All of the vast improvements they made came to a halt the day they began their exams. Some of them froze up and became unable to process the tediously-worded equations. That day I watched an eight-year-old boy on the verge of tears as he struggled with the exam, and that was the day I swore off becoming a public school teacher as it currently stands in North Carolina.
These tests were also proving to be the culprit behind the monotonous school days. The teachers I worked with gave their all to make each day interactive and exciting, but often they expressed how overwhelmed with pressure coming from EVASS and the state tests.
The students were constantly reminded that these scores counted a great deal as to whether or not they would go on to the third grade. They also count a great deal for the teachers who are scrutinized and judged by the test scores. Students were so overwhelmed by testing anxiety that they told me that they “didn’t want to to go to the third grade because that was the testing year.”
Midway through my internship, I decided to conduct surveys to determine whether testing was truly as big of an issue that I suspected it was. A Google form document was sent out to all of the teachers in this K-4 school. Within two days I had sixteen responses all of which were submitted anonymously. A common theme emerged from their disconcerting yet eloquent responses.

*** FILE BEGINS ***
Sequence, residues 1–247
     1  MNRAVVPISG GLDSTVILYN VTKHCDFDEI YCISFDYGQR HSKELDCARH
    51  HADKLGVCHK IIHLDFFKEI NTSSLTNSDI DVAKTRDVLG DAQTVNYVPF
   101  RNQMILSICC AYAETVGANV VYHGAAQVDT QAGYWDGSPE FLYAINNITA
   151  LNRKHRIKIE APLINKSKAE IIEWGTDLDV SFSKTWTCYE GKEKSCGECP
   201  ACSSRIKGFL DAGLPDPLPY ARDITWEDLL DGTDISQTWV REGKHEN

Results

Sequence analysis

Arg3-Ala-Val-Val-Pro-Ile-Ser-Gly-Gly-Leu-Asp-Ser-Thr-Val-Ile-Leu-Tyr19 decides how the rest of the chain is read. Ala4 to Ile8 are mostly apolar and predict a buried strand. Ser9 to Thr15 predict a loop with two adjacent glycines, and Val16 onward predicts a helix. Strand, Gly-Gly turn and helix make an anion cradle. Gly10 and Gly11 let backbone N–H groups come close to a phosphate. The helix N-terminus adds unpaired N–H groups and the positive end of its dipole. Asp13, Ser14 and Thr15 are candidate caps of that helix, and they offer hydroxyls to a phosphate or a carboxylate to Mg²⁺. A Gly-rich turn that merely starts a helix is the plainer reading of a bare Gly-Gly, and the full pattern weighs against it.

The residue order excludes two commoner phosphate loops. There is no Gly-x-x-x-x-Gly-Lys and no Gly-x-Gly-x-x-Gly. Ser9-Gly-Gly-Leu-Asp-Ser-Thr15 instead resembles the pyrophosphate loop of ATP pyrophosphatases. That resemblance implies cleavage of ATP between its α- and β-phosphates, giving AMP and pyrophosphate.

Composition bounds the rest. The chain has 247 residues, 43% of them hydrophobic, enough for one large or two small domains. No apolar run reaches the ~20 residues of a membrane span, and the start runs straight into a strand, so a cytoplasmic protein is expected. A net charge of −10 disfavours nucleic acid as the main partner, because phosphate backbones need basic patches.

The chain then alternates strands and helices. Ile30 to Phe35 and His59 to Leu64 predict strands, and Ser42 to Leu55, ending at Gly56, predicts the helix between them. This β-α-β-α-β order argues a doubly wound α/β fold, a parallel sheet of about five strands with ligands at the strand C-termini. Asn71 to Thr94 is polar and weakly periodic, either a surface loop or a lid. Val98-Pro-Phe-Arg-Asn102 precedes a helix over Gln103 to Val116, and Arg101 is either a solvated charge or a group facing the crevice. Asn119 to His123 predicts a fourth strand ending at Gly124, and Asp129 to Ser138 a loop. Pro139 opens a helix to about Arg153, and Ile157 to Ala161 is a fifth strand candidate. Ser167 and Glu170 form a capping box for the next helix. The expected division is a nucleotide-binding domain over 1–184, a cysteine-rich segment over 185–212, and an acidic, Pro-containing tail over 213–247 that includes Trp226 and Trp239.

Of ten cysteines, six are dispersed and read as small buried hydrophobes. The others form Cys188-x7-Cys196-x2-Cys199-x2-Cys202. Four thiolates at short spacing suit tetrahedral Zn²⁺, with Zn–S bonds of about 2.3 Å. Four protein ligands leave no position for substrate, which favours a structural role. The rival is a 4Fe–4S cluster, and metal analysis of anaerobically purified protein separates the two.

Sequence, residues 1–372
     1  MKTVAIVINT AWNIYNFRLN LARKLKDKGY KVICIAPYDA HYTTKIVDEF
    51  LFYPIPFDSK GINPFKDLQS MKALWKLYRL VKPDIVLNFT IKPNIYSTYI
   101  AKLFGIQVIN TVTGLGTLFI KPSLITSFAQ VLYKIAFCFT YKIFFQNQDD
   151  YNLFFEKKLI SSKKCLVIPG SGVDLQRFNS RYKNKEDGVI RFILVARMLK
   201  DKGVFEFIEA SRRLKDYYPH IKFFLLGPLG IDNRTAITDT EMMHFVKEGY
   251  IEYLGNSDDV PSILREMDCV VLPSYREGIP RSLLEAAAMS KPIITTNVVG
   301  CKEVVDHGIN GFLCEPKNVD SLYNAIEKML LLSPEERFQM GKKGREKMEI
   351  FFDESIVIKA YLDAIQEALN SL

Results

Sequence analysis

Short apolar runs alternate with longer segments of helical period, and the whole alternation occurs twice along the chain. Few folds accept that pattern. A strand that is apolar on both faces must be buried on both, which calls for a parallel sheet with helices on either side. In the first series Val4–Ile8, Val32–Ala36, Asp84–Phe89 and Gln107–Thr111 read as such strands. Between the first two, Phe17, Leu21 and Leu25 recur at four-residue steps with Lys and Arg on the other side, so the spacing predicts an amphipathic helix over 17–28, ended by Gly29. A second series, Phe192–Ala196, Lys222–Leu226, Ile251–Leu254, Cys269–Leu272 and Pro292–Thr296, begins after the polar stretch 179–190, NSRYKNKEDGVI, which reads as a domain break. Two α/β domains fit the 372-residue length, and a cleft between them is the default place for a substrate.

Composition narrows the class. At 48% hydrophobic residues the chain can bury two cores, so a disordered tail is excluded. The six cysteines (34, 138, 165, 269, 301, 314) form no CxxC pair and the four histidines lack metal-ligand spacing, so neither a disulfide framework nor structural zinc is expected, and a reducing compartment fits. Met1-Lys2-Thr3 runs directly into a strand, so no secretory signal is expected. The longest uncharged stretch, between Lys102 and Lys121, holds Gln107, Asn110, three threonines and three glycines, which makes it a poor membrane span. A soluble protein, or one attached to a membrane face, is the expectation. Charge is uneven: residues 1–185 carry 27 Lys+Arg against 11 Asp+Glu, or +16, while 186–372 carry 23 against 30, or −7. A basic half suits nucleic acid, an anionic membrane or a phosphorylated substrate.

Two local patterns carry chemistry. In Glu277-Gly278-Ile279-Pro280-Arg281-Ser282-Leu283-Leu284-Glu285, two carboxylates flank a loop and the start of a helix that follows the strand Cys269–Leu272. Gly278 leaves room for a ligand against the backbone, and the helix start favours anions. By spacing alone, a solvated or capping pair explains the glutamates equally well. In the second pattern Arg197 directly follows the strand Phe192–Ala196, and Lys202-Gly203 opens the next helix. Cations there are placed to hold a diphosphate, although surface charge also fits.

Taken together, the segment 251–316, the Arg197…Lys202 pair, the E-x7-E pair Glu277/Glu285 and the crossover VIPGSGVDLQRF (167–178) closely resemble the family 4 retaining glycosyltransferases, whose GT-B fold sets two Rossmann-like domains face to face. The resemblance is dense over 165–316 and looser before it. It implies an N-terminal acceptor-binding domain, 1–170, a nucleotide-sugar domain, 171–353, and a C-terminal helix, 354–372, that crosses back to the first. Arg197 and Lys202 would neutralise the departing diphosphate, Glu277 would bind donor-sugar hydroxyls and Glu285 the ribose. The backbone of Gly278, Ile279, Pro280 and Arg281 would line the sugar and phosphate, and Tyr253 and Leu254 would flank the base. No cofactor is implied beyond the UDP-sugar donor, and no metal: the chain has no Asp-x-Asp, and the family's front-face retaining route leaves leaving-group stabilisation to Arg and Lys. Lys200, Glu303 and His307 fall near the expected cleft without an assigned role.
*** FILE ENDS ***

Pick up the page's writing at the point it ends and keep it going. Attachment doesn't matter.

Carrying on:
“Shutting down classroom instruction to test is very frustrating knowing that the kids are facing E.O.G.’s at the end of the school year.”
” The tests are challenging because they are “one size fits all” and we know students aren’t the same.”
“Today we spend a lot of time testing, progress monitoring and talking about the test. I don’t ever recall being stressed about a test as a kid the way my students are stressed about the EOG’s. Tests were just something we did and were never a big deal. At 8 years old I never had to worry that I wouldn’t pass third grade because of one test. It’s just too much pressure on the students and on the teachers.”
“The students today are tested entirely too much. Not enough time is allowed for children to learn through exploration and classroom experiences.”
“I feel that the educational environment has shifted to more testing-centered instruction, instead of more student centered learning which seemed more prevalent when I was in elementary school.”